I think there is something a bit more, though.


At this point, the toast is a shared, communal tradition that lends itself to something that our everyday lives increasingly push out: reflection.

I call it a communal experience because, whether one celebrates it alone or in the company of others, there is an understanding that this act is something shared. Different fans and groups of fans across the world will do this same act, and participating in something that large gives a sense of unity and belonging.

It is more than that, though. This sense of community is nice, but what is the community about? Why does it matter?

Having the toast focus on the author rather than a specific text or event makes this activity a very special kind of reflection. It is a moment to pause and appreciate the achievements of an author and the life he lived. Tolkien was not a writer by trade, he was an academic. While many people were drawn to him because of his creative endeavors, those are only part of Tolkien’s influence. The toast allows people with varying degrees and experiences with Tolkien and his work to participate, and this is important!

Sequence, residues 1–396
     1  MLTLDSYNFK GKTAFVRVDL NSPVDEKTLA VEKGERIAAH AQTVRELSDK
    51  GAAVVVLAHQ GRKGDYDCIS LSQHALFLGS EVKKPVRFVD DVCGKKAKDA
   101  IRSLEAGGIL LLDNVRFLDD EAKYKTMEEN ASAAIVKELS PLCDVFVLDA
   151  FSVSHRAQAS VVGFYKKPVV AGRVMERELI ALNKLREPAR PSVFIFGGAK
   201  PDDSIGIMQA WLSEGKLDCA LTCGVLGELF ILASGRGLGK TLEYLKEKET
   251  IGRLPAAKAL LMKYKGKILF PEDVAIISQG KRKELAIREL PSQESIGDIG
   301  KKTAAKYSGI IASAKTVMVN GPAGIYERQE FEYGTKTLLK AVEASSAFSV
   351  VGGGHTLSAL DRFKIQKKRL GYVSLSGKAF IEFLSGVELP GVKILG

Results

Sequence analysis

This is the point that intersects the most with my interests as a researcher into the reception of Tolkien’s writings: The Toast invariably calls participants to reflect on the ways that Tolkien’s writings have produced meaning in their lives.

Often, participants will share stories of how they first read Tolkien or how Tolkien changed the way they saw the world. These stories are the kind of reflection that are increasingly pushed aside in a fast-paced culture.

A tradition that practices taking a moment and recalling these stories of connection and inspiration is well worth participating in! So tonight, at 9pm, consider raising a glass to The Professor!